Francia Márquez was the only Latina to win the Goldman Foundation prize, known as the "Nobel" Prize for the Environment
The Norwegian Nobel Committee, the Royal Swedish Academy of Sciences, the Karolinska Institute and the Swedish Academai award 6 Nobel prizes: Physics, Chemistry, Literature, Peace, Economics, and Physiology or Medicine. These are considered the most important awards in each of these fields. However, there is an award that is equated to environmental issues: the Goldman Foundation prize.
This award was founded by Richard N. Goldman and Rhoda H. Goldman to give relevance to the planet's environmental problems and recognize those people who are struggling to save it. The Goldman Foundation has spent 28 years delivering this recognition to those defenders of nature and the environment in all regions of the planet: Africa, Asia, Europe, North America, Island Regions, and Central and South America.
This year's award in the Central and South American region is for Francia Márquez, an Afro-Colombian environmentalist who focused on fighting the illegal gold mining that is damaging land and rivers. The mining of this metal is being done with mercury, an immensely polluting and harmful material for the earth. The mercury that is used ends up in the rivers that ultimately end up in the seas and ends up contaminating fish, these fish also end up affecting the humans that consume them.
Additionally, several artisanal mines in Colombia are being dominated by illegal armed groups (including the ELN guerrilla group) to finance the purchase of arms and illicit activities.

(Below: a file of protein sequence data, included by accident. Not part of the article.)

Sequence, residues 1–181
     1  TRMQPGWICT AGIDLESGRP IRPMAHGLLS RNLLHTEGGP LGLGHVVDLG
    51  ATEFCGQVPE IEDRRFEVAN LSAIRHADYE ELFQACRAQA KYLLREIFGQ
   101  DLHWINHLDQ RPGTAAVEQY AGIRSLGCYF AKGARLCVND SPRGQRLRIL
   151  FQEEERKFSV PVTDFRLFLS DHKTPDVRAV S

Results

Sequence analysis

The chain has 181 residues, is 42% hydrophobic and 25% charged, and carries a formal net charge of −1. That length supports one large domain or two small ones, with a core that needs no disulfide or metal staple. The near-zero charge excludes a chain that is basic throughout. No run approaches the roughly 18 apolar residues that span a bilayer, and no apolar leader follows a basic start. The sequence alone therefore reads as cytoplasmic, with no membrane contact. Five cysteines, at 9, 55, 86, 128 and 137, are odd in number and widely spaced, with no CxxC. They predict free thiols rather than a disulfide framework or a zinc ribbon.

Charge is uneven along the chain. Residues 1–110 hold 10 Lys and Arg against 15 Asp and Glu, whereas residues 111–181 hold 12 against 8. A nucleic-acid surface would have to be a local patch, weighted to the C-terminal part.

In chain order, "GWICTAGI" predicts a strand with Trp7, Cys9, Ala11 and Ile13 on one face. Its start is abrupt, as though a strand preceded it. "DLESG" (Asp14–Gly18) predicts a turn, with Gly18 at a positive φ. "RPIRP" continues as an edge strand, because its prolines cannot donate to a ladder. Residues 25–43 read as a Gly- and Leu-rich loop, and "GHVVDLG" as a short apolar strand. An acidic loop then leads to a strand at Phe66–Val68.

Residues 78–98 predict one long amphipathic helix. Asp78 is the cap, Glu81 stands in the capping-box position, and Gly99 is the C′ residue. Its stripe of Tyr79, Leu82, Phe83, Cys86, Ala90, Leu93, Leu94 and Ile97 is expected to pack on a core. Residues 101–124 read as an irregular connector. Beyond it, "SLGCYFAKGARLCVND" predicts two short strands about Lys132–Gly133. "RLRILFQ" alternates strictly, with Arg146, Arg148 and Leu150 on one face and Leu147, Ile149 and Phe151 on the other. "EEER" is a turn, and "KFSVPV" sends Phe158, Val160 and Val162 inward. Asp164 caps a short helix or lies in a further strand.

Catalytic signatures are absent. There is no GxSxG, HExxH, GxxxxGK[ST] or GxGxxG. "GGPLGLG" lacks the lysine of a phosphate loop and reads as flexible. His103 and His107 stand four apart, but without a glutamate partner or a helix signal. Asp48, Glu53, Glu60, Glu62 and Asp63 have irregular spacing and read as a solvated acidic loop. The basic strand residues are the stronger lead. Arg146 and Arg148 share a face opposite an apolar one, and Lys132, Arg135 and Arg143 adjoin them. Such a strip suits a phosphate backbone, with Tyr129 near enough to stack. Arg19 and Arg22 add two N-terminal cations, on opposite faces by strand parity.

Nohra Padilla, winner of the Goldman prize in 2013 for her fight for the management of garbage in Bogotá, expressed her satisfaction and pride in Márquez's achievement and assured that this will serve as a propulsion in the environmental fight of the new winner: "The prize also gives an economic value, but it is not a large amount, but it helps to sustain the struggle for a certain time.That at the same time drags new resources.The ones who are awarded have the possibility of having relevant information from the Goldman foundation. They introduce us to new contributors or to competitions or initiatives where we can introduce ourselves and obtain new resources.The award gives a seed so that around it new resources are obtained".
"In the case of our associations of waste pickers we have made progress in influencing public policies, which promote, not only the recognition of the recycler by trade, but to see changes in the model in the model of the presentation of the public toilet service and the use of waste, the recognition we have had, not only in Colombia, but in the world", Pradilla said.
In Latin America, it has been won by 3 Hondurans (including Bertha Cáceres in 2015), 2 Salvadoreans, 4 Mexicans, 5 Colombians, 1 Cuban, 3 Puerto Ricans, 3 Ecuadorians, 5 Peruvians, 1 Bolivian, 2 Paraguayans, 1 Argentine, 1 Chilean, and 3 Brazilians (including Marina Silva, former presidential candidate and former Minister of the Environment).
These awards manage to give this importance to the winners. Several of these environmentalists who have obtained the award, have leaned towards politics and have ended up as ambassadors, members of the government, and even presidential candidates like Marina Silva in Brazil.
The other winners this year were Clarire Nouvian of France, for their struggle to save the oceans and seas from destructive fishing; Makoma Lekalakala and Liz McDaid in South Africa for stopping the massive nuclear agreement between this African country and Russia; Manny Calonzo in the Philippines, to stop the production of lead paint; Leeanne Walters in the United States, who led the citizen movement that evaluated water in Flint, Michigan; and Khanh Nguy Thi of Vietnam for their efforts in the implementation of renewable energies in their country.
Latin American Post | Santiago Gómez Hernández
Translated from "¿Qué es el "Nobel" de Medio Ambiente que ganó una colombiana? ¿Sirve para algo?"